Should Pastors Have A Salary Cap?

*Posted by Joe Wooddell

Versions of this question typically come up at some point in my ethics classes, and the discussion and arguments become heated to say the least. When the topic ensues, someone usually begins with comments like, I just dont think pastors should make huge salaries; they shouldnt drive Cadillac Escalades; and they shouldnt live in million dollar homes. The responses seem obvious to me: Why not? What constitutes a huge salary? What sort of vehicle is acceptable for them to drive? How pricey a home is too pricey? All this varies across America and around the world.

Convincing answers are not usually forthcoming. I am not necessarily saying pastors should do these things, and I am certainly not a proponent of the TV health/wealth gospel. I simply believe there is no biblical material mandating a certain maximum dollar amount pastors should be paid or that they should spend on certain things. In such discussions, I sometimes ask students: Is a million dollars too high a salary? Typically they say yes, its too high. I then ask: What about half a million? Still too high. Two hundred and fifty thousand? Maybe, depending on the neighborhood and the size of the church. A hundred thousand? Much more reasonable, but still too high in many contexts.

Seriously? Are these supposed to be sound, valid, biblical arguments? The question of how much pastors should be paid should be left up to the local church, and the question of what sorts of homes or vehicles pastors should purchase should be left up to pastors themselves. Of course, both parties (pastor and church) should be prudent in making these decisions. It might not be unethical or immoral to pay a pastor half a million dollars, or for him to live in a large, luxurious home, but it might be unwise. Personally, I think its wonderful when a church thinks enough of a pastor and his family to pay him sufficiently that he need not worry about paying his light bill, feeding or clothing his family, or unashamedly having people over to a clean, comfortable home. 1 Tim. 5:18 says the laborer is worthy of his wages.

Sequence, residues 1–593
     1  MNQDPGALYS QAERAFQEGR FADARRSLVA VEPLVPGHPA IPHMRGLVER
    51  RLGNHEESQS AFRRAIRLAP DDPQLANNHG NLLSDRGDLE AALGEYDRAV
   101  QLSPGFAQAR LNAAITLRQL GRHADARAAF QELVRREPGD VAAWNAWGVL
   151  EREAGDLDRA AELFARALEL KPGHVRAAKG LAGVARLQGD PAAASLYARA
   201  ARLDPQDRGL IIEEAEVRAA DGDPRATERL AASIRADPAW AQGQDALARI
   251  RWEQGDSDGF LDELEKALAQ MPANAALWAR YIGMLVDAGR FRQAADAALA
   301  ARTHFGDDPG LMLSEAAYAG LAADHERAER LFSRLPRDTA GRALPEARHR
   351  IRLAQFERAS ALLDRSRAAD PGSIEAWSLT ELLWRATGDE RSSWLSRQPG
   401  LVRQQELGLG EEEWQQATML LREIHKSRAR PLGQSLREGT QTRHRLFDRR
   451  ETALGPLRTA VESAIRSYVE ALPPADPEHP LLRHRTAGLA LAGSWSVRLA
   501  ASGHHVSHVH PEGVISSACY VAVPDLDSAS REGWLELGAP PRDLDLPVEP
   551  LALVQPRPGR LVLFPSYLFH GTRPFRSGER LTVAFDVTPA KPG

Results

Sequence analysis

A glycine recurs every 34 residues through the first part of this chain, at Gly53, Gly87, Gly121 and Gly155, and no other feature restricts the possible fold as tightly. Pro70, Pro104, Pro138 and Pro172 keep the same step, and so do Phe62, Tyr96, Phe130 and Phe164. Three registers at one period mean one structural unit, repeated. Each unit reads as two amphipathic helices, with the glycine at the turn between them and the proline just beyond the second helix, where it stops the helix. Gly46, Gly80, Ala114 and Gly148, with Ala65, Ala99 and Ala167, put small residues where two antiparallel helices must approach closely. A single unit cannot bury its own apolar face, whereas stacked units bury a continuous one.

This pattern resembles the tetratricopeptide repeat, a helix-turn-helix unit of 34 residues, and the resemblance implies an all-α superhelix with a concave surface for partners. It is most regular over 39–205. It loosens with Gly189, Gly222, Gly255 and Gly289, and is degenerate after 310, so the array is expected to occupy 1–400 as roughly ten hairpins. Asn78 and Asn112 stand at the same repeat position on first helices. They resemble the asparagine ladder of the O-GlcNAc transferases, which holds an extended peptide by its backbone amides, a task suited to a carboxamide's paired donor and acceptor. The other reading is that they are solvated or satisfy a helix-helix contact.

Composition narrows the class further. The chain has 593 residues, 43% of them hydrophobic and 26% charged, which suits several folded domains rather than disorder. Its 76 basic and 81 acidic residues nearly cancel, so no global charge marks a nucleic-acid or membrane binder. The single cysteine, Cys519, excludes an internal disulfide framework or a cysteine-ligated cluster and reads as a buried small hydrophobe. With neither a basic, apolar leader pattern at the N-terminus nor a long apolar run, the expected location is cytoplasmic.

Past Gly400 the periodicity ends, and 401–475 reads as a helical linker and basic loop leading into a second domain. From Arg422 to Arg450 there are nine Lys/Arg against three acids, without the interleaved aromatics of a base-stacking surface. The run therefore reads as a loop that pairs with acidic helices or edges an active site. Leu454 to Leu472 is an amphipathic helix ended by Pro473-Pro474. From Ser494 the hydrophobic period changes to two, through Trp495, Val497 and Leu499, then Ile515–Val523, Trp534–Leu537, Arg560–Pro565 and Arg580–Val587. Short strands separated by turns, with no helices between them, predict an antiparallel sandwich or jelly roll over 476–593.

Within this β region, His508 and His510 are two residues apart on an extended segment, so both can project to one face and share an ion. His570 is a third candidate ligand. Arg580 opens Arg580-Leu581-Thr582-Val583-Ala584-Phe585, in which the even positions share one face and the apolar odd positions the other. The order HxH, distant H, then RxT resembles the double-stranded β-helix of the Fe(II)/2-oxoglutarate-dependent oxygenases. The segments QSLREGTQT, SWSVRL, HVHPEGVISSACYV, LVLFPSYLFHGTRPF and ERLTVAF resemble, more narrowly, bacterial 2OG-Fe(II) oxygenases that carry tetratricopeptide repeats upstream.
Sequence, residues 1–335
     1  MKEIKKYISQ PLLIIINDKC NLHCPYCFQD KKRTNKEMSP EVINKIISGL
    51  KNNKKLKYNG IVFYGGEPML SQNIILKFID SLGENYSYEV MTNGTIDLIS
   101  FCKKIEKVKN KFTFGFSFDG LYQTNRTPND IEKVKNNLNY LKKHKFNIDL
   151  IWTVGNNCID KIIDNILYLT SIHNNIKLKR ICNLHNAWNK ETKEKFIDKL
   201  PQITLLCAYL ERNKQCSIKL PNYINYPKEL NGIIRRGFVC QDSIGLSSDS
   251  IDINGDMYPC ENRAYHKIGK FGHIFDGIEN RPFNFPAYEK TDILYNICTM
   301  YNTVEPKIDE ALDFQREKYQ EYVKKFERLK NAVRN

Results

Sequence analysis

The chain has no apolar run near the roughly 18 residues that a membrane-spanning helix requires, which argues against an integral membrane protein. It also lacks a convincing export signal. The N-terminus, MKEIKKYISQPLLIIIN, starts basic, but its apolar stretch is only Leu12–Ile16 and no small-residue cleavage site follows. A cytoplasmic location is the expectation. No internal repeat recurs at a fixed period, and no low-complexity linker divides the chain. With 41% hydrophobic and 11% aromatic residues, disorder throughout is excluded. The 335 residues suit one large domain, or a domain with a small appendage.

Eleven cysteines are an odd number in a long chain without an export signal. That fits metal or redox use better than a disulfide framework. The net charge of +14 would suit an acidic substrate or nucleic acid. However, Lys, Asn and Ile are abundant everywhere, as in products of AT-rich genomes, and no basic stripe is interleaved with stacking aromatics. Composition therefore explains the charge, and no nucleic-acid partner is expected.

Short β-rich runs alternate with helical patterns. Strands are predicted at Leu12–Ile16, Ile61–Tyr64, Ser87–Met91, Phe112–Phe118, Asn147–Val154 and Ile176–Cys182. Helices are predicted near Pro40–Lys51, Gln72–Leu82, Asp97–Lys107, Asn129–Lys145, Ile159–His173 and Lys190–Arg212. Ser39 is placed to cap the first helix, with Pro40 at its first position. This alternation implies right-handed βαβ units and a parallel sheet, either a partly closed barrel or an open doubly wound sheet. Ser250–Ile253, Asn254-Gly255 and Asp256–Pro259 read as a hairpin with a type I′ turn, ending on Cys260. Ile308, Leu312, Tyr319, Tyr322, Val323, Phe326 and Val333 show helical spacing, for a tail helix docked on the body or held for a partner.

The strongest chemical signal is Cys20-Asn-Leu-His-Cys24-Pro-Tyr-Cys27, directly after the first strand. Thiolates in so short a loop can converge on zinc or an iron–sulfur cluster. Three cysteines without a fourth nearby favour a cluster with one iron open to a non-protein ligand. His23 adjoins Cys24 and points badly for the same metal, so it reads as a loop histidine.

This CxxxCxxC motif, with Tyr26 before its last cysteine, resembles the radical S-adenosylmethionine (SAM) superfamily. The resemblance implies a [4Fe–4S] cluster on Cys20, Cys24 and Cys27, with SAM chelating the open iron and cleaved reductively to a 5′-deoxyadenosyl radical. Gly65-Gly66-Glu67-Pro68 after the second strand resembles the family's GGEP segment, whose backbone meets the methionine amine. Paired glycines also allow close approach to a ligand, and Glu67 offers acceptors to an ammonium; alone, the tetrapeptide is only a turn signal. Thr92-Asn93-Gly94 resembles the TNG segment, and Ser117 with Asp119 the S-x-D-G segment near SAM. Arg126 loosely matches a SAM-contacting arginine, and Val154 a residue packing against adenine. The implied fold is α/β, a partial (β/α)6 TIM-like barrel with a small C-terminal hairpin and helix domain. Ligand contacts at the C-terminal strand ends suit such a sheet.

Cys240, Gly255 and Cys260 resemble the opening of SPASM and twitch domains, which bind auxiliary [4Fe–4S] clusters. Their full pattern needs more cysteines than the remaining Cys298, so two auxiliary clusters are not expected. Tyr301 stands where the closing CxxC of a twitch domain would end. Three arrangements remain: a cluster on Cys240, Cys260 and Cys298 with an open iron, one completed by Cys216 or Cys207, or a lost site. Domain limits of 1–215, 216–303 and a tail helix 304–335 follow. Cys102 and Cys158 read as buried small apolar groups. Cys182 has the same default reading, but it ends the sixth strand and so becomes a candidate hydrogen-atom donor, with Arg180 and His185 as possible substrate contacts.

These questions are similar to many other questions in the Christian life, and not only with respect to pastors but to all believers. For example: Should believers spend money on teeth whitening, hair highlights, manicures, pedicures, expensive jewelry or clothing, luxury vacations, and the like? I cant think of any way of answering such questions with specific dollar amounts. I can only say leave it up to the individual family or believer. The same is true for pastors. Pray. Read and study Gods Word. Ask God to guide you and your family. Seek wise counsel. Then make your decisions. Make all you can, save all you can, give all you can (John Wesley? I cant remember who said this).

Those of us who are American believers could probably always cut more corners or give more to church and charity. Christian entrepreneurs tend to invest their profits and savings into their businesses as an act of worship and stewardship, ultimately creating wealth and jobs, and lifting entire segments of society out of poverty. 1 Tim. 6:17 says we shouldnt place our hope in riches, but that God does supply us with all things to enjoy. The fact is, God guides believers in multiple ways. In Mark 10:21 Jesus told the rich man to sell everything and follow Him, but He didnt instruct everyone else similarly. Sometimes it seems obvious that a pastor is making too much or flaunting what he has. If you feel this way, you might choose not to attend his church, but also be careful of casting stones. Instead, look at your own life and see what God might be leading you to do differently with what Hes entrusted to you.

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